"Hurrah, Sam, it is settled at last that we are to go to boarding school!"
"Are you certain, Tom? Don't let me raise any false hopes."
"Yes, I am certain, for I heard Uncle Randolph tell Aunt Martha that he wouldn't keep us in the house another week. He said he would rather put up with the Central Park menagerie-think of that!" and Tom Rover began to laugh.
"That's rather rough on us, but I don't know but what we deserve it," answered Sam Rover, Tom's younger brother. "We have been giving it pretty strong lately, with playing tricks on Sarah the cook, Jack the hired man, and Uncle Randolph's pet dog Alexander. But then we had to do something-or go into a dry rot. Life in the country is all well enough, but it's mighty slow for me."
"I guess it is slow for anybody brought up in New York, Sam. Why, the first week I spent here I thought the stillness would kill me. I couldn't actually go to sleep because it was so quiet. I wish uncle and aunt would move to the city. They have money enough."
"Aunt Martha likes to be quiet, and uncle is too much wrapped up in the art of scientific farming, as he calls it. I'll wager he'll stay on this farm experimenting and writing works on agriculture until he dies. Well, it's a good enough way to do, I suppose, but it wouldn't suit me. I want to see something of life-as father did."
"So do I. Perhaps we'll see something when we get to boarding school."
"Where are we to go?"
"I don't know. Some strict institution, you can be sure of that. Uncle Randolph told aunty it was time the three of us were taken in hand. He said Dick wasn't so bad, but you and I-"
"Were the bother of his life, eh?"
"Something about like that. He doesn't see any fun in tricks. He expects us to just walk around the farm, or study, and, above all things, keep quiet, so that his scientific investigations are not disturbed. Why doesn't he let us go out riding, or boating on the river, or down to the village to play baseball with the rest of the fellows? A real live American boy can't be still all the time, and he ought to know it," and, with a decided shake of his curly head, Tom Rover took a baseball from his pocket and began to throw it up against the side of the farmhouse, catching it each time as it came down.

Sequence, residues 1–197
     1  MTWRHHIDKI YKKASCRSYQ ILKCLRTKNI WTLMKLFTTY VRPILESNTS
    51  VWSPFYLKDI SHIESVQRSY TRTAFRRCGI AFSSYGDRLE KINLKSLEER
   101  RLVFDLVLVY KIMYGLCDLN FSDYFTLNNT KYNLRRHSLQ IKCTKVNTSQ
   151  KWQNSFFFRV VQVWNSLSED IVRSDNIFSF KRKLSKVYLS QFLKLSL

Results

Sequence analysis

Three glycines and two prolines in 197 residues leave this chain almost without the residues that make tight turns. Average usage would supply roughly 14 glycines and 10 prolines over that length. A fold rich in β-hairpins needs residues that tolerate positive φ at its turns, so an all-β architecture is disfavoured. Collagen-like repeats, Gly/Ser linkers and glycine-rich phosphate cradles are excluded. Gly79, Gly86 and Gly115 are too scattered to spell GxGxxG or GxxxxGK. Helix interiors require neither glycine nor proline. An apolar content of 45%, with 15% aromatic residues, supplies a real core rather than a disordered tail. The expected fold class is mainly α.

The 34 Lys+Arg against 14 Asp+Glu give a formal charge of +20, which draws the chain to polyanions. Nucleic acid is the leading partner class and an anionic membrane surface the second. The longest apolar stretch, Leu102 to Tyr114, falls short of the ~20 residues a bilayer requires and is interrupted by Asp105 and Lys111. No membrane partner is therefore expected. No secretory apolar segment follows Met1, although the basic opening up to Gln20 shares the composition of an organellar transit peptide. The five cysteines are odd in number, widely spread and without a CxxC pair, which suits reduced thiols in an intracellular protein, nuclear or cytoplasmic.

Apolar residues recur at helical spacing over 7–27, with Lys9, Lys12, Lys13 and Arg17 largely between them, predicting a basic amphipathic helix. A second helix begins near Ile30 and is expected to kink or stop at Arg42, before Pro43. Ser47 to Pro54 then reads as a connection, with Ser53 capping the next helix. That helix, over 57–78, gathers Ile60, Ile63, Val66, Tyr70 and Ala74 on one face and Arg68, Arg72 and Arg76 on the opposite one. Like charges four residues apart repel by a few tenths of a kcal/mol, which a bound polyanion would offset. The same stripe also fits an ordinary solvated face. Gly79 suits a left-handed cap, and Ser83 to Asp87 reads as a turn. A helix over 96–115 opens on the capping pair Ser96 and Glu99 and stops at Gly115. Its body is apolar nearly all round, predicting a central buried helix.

Tom had thrown the ball up just four times when a pair of blinds to an upper window flew open with a crash, and the head of a stern-looking elderly gentleman appeared. The gentleman had gray hair, very much tumbled, and wore big spectacles.
"Hi! hi! boys, what does this mean?" came in a high-pitched voice. "What are you hammering on the house for, when I am just in the midst of a deep problem concerning the rotation of crops on a hillside with northern exposure?"
"Excuse me, Uncle Randolph, I didn't think to disturb you," answered Tom meekly. "I'll put the ball away."
"You never stop to think, Thomas. Give me that ball."
"Oh, let me keep it, Uncle Randolph! I won't throw it against the house again, honor bright."
"You'll forget that promise in ten minutes, Thomas; I know you well....
Most Helpful Customer Reviews
Read this one by way of research. In many ways a typical school story - sporting events, a bully to deal with, a mean teacher and a damsel in distress. Very much of its time though, in the moralising tone of the author, who isn't afraid of putting his own opinions into the story. He also had a rather annoying habit of blatantly promoting the next books in the series.